Ross, with $20.4B in 2023 revenue, collecting $7.6M in taxpayer subsidies



(The Center Square) – A California-based company with 2023 revenues of $20.4 billion will get $7.6 million, and possibly more, in taxpayer subsidies to set up its southeastern distribution center in North Carolina.

Ross Stores clothing retailer will build a $450 million distribution center in Randolph County, the state of North Carolina announced Tuesday.

The North Carolina Economic Investment Committee approved $7.6 million in job development investment grants over 12 years for the project, which the state and company say will create 450 jobs.

In addition to the job development grant, Ross could receive other state assistance such as community college training for employees valued at $1.7 million, workforce solution grants for $1.7 million and grants for road improvements valued at $500,000.

A release from Gov. Roy Cooper’s office says, “State payments only occur following performance verification by the departments of Commerce and Revenue that the company has met its incremental job creation and investment targets.”

Ross, with headquarters in Dublin, Calif., is an S&P 500, Fortune 500, and Nasdaq 100 with revenues in fiscal 2023 of $20.4 billion.

“Ross is joining a region of the state that is experiencing rapid growth,” North Carolina Commerce Secretary Machelle Baker Sanders said in a statement. “North Carolina remains committed to developing and providing the available and skilled workforce that companies need to execute their short and long-term expansion strategies.”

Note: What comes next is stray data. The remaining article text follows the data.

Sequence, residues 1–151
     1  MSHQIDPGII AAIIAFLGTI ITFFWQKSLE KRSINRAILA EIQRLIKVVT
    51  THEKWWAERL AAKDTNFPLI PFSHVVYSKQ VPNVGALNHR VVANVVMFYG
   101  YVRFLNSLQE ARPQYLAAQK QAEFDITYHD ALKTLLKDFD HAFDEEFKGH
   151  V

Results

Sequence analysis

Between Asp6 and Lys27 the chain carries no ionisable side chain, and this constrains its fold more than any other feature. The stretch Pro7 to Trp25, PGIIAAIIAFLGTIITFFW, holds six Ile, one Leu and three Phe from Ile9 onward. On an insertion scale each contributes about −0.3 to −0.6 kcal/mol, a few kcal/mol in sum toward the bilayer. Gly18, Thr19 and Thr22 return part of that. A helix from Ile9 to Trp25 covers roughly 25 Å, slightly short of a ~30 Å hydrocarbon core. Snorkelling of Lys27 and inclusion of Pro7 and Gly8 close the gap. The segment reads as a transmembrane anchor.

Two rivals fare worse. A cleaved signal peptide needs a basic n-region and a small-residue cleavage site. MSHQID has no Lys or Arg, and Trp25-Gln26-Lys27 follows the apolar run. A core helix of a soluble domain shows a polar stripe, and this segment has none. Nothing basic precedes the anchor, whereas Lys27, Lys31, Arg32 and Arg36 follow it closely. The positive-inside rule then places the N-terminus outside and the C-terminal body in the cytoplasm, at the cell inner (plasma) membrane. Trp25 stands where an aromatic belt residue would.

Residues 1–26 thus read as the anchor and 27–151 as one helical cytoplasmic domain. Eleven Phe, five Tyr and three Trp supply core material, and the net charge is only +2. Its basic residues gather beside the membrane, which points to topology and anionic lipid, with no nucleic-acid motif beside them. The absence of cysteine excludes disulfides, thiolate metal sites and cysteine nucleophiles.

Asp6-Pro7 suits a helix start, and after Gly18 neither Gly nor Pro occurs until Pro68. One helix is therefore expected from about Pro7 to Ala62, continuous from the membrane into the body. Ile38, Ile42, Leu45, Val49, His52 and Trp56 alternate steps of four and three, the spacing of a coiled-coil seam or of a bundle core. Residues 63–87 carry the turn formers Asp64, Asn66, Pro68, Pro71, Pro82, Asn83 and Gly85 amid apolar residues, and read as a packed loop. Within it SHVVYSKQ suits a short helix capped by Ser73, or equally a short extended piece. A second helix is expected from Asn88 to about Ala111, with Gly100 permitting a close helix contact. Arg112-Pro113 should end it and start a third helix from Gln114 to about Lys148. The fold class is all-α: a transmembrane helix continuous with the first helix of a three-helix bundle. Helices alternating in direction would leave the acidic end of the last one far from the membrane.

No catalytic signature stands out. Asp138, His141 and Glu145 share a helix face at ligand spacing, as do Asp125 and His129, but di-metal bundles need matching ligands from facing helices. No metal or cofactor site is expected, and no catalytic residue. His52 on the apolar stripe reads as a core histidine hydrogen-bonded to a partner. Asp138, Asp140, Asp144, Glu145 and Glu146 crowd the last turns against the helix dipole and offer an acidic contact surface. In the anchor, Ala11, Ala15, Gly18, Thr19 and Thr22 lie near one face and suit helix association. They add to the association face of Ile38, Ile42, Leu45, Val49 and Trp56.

The proposed distribution center in Randolph County will be 1.7 million square feet in size, located on 330 acres. It will serve as a warehousing, fulfillment and packing center for the Southeast, the release says. Average annual wages would be $45,806 roughly the same as the current Randolph County average of $45,801.

During the 12 years the job development grants are distributed, the project will increase North Carolina’s economy by $1.4 billion, the state estimates.

The return on investment for the public funds is 61%, the governor’s office said.

“JDIG projects result in positive net tax revenue to the state treasury, even after taking into consideration the grant’s reimbursement payments to a given company,” a release said.

Common practice in economic development is to justify the incentives based upon new jobs that a business will bring to the state, announcing the average hourly wage for the new jobs and comparing it to the mean hourly wage of the county.

Economists question the effectiveness of financial incentives to private businesses to expand or come to a new state.

The use of hourly wage as an indicator is questioned because high salaries of a few corporate leaders can skew the average higher while it would not have the same impact on the mean wage.

“We are delighted to welcome Ross Stores to Randolph County,” Gov. Roy Cooper said in a statement. “Nationally recognized brands like Ross will appreciate the quality of life in North Carolina as well as the capability of our world-class workforce to help them grow and succeed.”

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